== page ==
- Teams have finally learned that long-term high-dollar contracts bite them in the ass and they don't want to be saddled with them. Both Machado and Harper are reportedly insisting on 10-year contracts, which is probably more of a problem for potential employers than the record-breaking annual salaries they want. Long term deals like that always turn into albatross-like burdens for teams after the first couple of years. Long-term extensions to popular players that not only produce but are heavily team-identified sometimes pay off—e.g. Todd Helton, Miguel Cabrera, Derek Jeter, Justin Verlander—but free-agent deals that exceed six years, seven at most, are, I think, widely thought of as foolhardy these days. Each of the more-than-seven-year free-agent deals from years past turned into a problem for the signing club, not one exception. The best of them might have been the Mariners' own humongous signing of Robinson Canó, and offloading him to the Mets this offseason was a relief. A couple of seven-year pacts worked out (or have yet not to), notably Max Scherzer, but nothing over seven.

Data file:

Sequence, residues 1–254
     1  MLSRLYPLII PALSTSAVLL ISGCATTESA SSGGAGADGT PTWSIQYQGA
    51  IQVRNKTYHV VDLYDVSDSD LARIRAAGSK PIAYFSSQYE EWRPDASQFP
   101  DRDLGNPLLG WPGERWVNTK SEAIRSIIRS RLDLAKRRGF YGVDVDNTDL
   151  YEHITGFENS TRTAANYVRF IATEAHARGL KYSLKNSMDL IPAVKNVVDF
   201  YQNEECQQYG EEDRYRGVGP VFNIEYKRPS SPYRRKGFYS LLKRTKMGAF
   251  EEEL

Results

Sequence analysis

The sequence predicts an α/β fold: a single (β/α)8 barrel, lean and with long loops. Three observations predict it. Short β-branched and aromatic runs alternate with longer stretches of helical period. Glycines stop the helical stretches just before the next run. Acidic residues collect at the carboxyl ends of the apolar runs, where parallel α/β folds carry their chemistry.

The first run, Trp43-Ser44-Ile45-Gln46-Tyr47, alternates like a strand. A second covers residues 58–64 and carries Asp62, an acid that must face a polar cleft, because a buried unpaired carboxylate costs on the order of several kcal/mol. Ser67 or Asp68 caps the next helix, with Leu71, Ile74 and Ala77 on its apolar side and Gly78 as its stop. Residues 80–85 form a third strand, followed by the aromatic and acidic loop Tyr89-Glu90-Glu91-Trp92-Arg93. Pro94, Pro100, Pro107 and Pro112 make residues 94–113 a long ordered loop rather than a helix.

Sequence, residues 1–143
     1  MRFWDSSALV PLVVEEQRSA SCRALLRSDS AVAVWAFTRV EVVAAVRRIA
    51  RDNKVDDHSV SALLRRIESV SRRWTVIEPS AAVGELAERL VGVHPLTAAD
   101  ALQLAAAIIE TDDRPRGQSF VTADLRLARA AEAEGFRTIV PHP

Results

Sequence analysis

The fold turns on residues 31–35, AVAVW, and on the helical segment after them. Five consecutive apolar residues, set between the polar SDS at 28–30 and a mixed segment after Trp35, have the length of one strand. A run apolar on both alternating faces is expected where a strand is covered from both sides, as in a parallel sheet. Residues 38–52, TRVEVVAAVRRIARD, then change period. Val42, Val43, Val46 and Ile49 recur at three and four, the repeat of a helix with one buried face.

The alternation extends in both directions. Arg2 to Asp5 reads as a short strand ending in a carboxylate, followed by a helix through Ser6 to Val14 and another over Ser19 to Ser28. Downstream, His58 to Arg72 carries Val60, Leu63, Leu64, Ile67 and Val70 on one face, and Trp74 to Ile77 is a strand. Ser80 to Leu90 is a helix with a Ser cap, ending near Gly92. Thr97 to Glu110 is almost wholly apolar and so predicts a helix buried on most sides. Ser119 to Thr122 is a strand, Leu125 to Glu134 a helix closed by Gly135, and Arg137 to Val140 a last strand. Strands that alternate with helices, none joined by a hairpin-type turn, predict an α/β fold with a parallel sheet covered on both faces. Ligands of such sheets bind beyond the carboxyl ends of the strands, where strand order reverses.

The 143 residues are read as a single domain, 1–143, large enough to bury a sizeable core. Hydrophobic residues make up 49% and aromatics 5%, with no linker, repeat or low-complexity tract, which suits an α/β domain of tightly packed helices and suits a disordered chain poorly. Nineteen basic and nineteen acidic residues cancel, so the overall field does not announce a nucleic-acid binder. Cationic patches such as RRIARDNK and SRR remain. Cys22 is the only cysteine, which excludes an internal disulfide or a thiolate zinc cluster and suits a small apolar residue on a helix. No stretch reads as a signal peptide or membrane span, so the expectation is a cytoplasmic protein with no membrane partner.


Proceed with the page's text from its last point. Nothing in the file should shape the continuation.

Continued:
Reports are that Harper and Machado each have offers of seven and eight years at $25-$35 million per from a couple of teams, but they're both still holding out for ten years. So I don't buy the collusion theory. Far easier to accept the afraid-of-owing-$60+-million-down-the-road-to-a-guy-that-can't-hit-anymore theory.